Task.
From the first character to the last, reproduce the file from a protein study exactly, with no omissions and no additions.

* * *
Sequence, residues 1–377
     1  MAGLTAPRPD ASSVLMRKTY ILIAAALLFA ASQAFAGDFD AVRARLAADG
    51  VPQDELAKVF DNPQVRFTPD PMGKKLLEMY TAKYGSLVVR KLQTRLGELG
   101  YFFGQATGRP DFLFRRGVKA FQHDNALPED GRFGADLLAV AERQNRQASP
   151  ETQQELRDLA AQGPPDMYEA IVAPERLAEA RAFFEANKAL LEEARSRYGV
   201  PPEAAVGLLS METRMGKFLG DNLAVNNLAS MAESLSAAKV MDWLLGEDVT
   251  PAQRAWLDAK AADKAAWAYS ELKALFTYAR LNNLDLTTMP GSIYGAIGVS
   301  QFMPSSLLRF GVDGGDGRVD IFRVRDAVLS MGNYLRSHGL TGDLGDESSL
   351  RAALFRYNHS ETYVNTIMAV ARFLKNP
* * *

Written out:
Sequence, residues 1–377
     1  MAGLTAPRPD ASSVLMRKTY ILIAAALLFA ASQAFAGDFD AVRARLAADG
    51  VPQDELAKVF DNPQVRFTPD PMGKKLLEMY TAKYGSLVVR KLQTRLGELG
   101  YFFGQATGRP DFLFRRGVKA FQHDNALPED GRFGADLLAV AERQNRQASP
   151  ETQQELRDLA AQGPPDMYEA IVAPERLAEA RAFFEANKAL LEEARSRYGV
   201  PPEAAVGLLS METRMGKFLG DNLAVNNLAS MAESLSAAKV MDWLLGEDVT
   251  PAQRAWLDAK AADKAAWAYS ELKALFTYAR LNNLDLTTMP GSIYGAIGVS
   301  QFMPSSLLRF GVDGGDGRVD IFRVRDAVLS MGNYLRSHGL TGDLGDESSL
   351  RAALFRYNHS ETYVNTIMAV ARFLKNP